Having given evidence last Thursday and as there are no reporting restrictions, I can now offer a more detailed commentary on this curious and worrying business – and I will do so over the coming weeks.

Those that have the capacity to remember these things will recall I pled guilty to an offence just over two years ago for using a professional title without being registered with an appropriate authority – a medical regulator. It wasn’t an oversight – I had deliberately withheld my registration fee (£74) – and for good reason – but the offence I thought I was pleading guilty to, actually didn’t exist and it turns out, I wasn’t doing anything illegal in the first place. I feel rather uncomfortable writing that as it amply illustrates what a fool I have been, but I do take some comfort in the knowledge that my ignorance was shared with just about everyone else in the health professions and most of the public too!

We have been blatantly lied to – or deceived – if you prefer, by a medical regulator and government who have a different agenda altogether than the one stamped on the regulatory and public-safety tin. In law, this is called fraudulent misrepresentation. Plus ça change!

And nobody was any the wiser.

I was in the witness box for just over five hours and only managed to make Mr Holland lose the plot on two or three occasions, but it was good fun all the same. I’m going to look forward to his explanation of the difference between “unlawful” and “illegal” one of these days, perhaps when I’m adjusting the rope tension when he starts that airy and exposed traverse on Crowberry Ridge. If I can persuade him it might be in his best interests – and providing he’s fully tuned into the dialect, it should be one of life’s more captivating moments. But Thursday was certainly an illuminating and enlightening experience. I’m also looking forward to the day when he can unearth the piece of paper from his client telling me I could write unregistered and still win the lottery. Who would’ve known? Certainly not me…but who did provides the answer to the question; “who is responsible for this prosecution?” Can you guess yet?

Unfortunately, we haven’t finished. I should never have tempted fate by suggesting there might be a prologue, but the Judge had a prior appointment in London and had to scoot away sharpish for the train and we finished at 3.30pm and with another few witnesses to call, she adjourned matters until 26 February next year. For the final time. Hopefully. At this rate, Mr Holland will be able to buy Lochgelly or Cowdenbeath on the fees he’s earned in this case alone and he doesn’t even know what it’s all about yet. Isn’t life funny indeed?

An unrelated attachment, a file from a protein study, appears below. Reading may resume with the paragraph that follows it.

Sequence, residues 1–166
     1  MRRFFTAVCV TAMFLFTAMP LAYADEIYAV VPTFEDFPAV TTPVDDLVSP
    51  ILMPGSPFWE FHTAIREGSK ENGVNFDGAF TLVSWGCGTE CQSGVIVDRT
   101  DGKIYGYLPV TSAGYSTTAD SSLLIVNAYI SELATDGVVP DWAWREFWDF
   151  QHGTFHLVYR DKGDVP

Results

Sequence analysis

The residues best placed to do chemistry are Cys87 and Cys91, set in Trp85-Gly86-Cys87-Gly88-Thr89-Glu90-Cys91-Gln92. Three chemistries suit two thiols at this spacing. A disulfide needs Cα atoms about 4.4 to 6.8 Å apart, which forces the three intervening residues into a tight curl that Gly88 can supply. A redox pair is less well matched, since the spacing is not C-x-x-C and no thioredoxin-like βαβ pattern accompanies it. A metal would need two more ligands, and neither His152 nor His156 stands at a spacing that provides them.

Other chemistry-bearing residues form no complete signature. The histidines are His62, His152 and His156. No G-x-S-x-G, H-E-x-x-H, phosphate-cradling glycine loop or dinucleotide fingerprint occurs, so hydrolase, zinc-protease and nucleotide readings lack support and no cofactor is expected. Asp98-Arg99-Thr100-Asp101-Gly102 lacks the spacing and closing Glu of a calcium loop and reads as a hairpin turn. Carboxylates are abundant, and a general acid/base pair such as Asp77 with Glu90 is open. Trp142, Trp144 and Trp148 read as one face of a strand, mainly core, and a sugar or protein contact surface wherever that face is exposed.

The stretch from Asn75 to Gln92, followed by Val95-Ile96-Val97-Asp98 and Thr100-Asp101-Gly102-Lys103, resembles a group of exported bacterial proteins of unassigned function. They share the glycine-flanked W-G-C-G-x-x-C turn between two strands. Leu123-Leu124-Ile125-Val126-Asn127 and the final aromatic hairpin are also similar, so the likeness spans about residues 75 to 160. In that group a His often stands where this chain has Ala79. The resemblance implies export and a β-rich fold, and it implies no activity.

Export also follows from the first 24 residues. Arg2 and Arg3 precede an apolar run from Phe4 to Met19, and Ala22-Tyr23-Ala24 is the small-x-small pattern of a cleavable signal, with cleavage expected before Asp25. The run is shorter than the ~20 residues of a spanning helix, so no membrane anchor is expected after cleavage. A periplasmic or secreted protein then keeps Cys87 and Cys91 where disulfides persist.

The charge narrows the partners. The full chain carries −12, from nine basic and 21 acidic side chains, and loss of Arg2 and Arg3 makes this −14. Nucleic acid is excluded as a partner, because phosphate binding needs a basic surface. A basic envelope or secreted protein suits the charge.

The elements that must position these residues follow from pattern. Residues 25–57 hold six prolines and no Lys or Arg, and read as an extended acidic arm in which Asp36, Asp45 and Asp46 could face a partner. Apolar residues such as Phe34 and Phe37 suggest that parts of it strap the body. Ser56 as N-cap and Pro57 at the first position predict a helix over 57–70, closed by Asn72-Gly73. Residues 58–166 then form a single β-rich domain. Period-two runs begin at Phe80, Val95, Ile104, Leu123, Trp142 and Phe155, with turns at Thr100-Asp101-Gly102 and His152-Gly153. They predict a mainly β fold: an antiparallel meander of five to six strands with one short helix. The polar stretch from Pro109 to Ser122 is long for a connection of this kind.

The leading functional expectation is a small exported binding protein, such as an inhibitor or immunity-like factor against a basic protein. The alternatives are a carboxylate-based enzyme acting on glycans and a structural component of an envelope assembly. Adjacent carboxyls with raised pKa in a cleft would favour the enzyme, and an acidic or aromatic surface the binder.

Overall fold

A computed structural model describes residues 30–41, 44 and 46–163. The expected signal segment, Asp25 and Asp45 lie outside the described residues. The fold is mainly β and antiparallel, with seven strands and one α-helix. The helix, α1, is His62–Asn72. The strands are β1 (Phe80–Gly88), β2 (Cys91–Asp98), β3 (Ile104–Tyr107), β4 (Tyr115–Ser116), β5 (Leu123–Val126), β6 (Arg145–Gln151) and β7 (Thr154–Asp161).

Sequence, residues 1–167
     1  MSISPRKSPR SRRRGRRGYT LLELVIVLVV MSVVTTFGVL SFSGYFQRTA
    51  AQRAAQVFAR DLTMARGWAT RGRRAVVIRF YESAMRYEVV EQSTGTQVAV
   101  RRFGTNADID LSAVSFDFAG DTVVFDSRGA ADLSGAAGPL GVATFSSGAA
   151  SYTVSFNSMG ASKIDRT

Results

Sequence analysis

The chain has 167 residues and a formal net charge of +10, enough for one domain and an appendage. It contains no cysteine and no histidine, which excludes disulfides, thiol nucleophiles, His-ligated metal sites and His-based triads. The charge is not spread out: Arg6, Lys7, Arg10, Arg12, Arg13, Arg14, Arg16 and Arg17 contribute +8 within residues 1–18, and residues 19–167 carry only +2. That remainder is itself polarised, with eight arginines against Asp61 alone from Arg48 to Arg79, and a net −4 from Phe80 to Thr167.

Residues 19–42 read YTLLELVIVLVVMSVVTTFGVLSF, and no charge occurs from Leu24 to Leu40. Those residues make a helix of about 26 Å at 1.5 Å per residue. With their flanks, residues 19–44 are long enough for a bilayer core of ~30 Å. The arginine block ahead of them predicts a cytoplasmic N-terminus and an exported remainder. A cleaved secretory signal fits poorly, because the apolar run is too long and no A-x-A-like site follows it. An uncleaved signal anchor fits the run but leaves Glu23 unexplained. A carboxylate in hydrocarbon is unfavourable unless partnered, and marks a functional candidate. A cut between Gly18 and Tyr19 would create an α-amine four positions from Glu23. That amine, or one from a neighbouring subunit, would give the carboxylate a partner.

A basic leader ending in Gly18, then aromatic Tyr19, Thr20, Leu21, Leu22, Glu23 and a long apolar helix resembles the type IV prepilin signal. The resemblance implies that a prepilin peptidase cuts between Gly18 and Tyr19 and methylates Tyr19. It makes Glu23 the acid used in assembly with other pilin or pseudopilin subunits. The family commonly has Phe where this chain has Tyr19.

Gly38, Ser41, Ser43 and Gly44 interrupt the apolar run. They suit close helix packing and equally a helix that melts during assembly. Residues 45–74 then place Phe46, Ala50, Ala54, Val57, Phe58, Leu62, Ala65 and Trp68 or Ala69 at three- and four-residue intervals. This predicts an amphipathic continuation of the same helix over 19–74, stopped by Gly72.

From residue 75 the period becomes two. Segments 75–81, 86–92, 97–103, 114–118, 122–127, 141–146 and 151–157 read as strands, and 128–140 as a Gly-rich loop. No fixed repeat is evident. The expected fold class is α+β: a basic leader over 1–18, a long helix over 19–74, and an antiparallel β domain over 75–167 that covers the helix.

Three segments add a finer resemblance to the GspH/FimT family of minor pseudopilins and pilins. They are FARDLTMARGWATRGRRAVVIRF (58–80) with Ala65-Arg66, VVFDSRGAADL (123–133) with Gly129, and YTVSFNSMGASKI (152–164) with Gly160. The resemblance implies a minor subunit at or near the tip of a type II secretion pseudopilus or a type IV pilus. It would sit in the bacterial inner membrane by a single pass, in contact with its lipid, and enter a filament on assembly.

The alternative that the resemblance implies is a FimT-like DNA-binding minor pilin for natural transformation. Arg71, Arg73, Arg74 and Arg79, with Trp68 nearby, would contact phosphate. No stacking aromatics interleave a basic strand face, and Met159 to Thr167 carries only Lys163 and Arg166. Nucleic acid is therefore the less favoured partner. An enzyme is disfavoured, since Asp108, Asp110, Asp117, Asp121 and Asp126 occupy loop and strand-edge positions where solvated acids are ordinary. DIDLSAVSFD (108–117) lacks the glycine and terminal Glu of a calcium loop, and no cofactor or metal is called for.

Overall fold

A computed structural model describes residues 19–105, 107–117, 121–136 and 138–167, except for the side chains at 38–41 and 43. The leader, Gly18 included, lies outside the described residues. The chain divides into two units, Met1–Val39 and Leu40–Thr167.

And the 26th February is, coincidentally, the same date as the last successful appeal at the Old Bailey two years ago. Would you believe it?

As I have written elsewhere, I am fast running out of currency – if not monetary then in gratitude – and it was fantastic to see so many colleagues and friends in the public gallery. It is during these occasions that you discover who really matter in your life – and that is never a bad thing. Thank you again for all that made the effort – it was hugely appreciated.

Mass deception is not a new concept – humanity, individually and collectively, has been constantly manipulated, deceived and brainwashed throughout history; it is a curious condition that undermines our perceived status as this planet’s most intelligent beings. If only we could see just what really stands before us. Or maybe blissful ignorance is a trait that reigns supreme…

UPDATE: I was informed at 6pm 14/12/15 that Mr Holland is unavailable on the 26th and a new date is yet to be set. Merry Christmas.

Seating Arrangements on the Titanic

  

Oh dear. Quite a few people mistakenly call the Registrar at the HCPC, Mr Searle. It’s a common mistake and one that I’ve made myself, but it’s actually Mr Seale. Even Mr Holland tripped up a couple of times in October and he gets all the cheques! The memory isn’t quite what it was these days, but I usually find it’s helpful if you just remember ‘slippery’ – which turns out to be quite apt. Twelve years is an awfully long time….

Because we go from this:

“From July 9th, 2003, the titles below are protected by law. Anyone using one of these titles must be registered with the Health Professions Council, or they may be subject to prosecution and a fine of up to £5,000.”

To this….

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….and in our professional journal this month, they tried again….

Questions from the Society of Chiropodists and Podiatrists for the HCPC

Jonathan Jones, Stakeholder Communications Manager at the Health and Care Professions Council, answers your questions about the misuse of protected titles and the action the HCPC takes against those who imply they are HCPC registered when not registered.

1. What action does the HCPC take when you receive information that that a foot health practitioner is claiming to be a chiropodist / podiatrist?

The aim of the HCPC is to ensure ongoing compliance with the law. If the HCPC receives information that a protected title is potentially being misused, its first step is to contact the person or organisation concerned, explain the law, and inform them that they should not use the title unless they are entitled to do so.